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The Madison Record
Thee meeting will be held June 22 at the Madison City Hall.

Meeting will test public’s reaction to city transition plans, answer questions

MADISON – Madison could soon see a dramatic shift in the government structure for the city if local leaders have their way. Madison city officials are promoting a plan that alter city government. The plan would diminish the current role of an elected mayor in favor of an appointed city manager.

To help residents better understand what their plan will involve and why, a series of public information meetings are being scheduled. They will also allow residents to ask questions and provide feedback.

A community meeting is being planned for Wednesday, June 22, moderated by Madison City Council member Renae Bartlett. It will be held 6 to 7:30 p.m. in the Madison Council Chambers at City Hall, 100 Hughes Road. The purpose of the Community meeting is to discuss transitioning to a council-city manager form of government.

The meeting will also be live-streamed on the city’s webpage at www.madisonal.gov. Those watching this way, can submit questions prior to the meeting by clicking here.

Bartlett said there will be two city managers in attendance who will describe their roles and duties. They will be available to answer questions. They are Sam Gaston, the city manager for Mountain Brook, and Jeff Downes, city manager for Vestavia Hills.

Earlier this year, Madison City Council members heard from a special appointed “Madison Governance Transition Committee” on their research and recommendation of changing the form of government for the city. The committee unanimously recommended that the city should shift to a council-manager form of government.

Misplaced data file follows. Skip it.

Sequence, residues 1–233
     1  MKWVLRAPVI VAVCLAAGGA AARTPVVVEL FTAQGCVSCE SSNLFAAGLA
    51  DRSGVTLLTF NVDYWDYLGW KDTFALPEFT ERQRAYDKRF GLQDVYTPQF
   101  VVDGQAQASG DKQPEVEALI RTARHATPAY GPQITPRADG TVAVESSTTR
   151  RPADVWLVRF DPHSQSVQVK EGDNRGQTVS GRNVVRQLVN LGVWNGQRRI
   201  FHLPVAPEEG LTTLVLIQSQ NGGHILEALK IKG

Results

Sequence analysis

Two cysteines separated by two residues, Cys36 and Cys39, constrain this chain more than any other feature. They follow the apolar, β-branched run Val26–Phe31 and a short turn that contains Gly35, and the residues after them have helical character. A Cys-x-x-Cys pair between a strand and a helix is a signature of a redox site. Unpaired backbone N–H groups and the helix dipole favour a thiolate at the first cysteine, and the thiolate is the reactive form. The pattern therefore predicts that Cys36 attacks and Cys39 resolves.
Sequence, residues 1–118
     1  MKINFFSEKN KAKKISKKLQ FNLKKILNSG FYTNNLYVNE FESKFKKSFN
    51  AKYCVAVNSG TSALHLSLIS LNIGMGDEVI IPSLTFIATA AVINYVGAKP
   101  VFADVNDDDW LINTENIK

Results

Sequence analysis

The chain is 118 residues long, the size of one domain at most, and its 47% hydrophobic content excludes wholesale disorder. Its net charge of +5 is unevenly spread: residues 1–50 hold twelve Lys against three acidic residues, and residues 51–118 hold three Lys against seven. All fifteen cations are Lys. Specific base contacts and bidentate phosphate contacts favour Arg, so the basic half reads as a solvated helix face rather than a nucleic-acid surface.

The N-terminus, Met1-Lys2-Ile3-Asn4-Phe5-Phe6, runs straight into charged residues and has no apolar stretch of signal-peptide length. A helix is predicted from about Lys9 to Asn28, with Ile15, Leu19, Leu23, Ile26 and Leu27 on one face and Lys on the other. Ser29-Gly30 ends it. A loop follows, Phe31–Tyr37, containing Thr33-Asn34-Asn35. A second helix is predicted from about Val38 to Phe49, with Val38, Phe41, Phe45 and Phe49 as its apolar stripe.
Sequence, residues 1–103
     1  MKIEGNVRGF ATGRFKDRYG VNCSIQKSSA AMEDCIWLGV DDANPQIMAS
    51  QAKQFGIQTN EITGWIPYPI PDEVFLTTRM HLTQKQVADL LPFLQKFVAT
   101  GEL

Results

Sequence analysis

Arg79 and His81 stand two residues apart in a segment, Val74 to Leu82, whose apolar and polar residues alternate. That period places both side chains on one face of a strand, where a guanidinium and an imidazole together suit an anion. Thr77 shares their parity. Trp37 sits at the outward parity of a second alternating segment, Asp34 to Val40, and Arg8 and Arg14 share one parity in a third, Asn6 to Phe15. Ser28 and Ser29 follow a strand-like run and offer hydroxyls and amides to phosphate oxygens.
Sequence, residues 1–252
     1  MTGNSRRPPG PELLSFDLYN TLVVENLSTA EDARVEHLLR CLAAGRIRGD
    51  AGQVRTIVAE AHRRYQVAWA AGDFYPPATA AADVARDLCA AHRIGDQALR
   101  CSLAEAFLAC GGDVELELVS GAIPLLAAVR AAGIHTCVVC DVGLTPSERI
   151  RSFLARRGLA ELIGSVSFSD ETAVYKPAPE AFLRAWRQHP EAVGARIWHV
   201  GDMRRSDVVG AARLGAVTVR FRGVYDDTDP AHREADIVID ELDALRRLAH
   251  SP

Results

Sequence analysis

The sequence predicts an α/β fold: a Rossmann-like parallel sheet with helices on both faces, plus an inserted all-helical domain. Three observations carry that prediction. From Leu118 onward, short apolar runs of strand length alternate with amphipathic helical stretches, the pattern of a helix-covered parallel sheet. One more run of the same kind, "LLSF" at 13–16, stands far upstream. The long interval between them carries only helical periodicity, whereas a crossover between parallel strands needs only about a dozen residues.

Currently, the city of Madison operates with a mayor-council form of government, with 7 voting district representatives and Mayoral recommendations with no vote.

The committee members were appointed by Mayor Paul Finley in August 2021 and tasked with looking into the proposed change and develop a recommendation for the city council.

If the change is approved, it would require redistricting Madison into 6 districts, with a voting mayor elected at large. The mayor would mostly represent the city in public events and in meetings with neighboring cities. Currently, the mayor is elected and oversees municipal departments and functions, with a heavy hand in deciding the overall direction for the city.

The proposed change would place a council-appointed city manager in charge of the city’s daily operations and departments. The mayor and city council would share legislative functions, with the mayor serving as the council president.

The city manager could be removed by the city council if not fulfilling duties.

In order to transition to the council-manager form of government, under the Alabama Council-Manager Act, a petition is necessary to kick off the process. If the requisite number of Madison residents sign the petition, then the question of whether to change the form of government would be submitted to voters in a special election.

The committee also recommended a staggered election for council and mayor instead of all positions being elected at the same time.

According to a press release from the city in Jan., the city stated it will “start defining the process of hiring a qualified city manager, as well as develop a plan for redistricting with a staggered term legislation. Following a request to the Alabama Legislature for approval, the staggered terms would begin in 2025 after the current administration serves out their term.”

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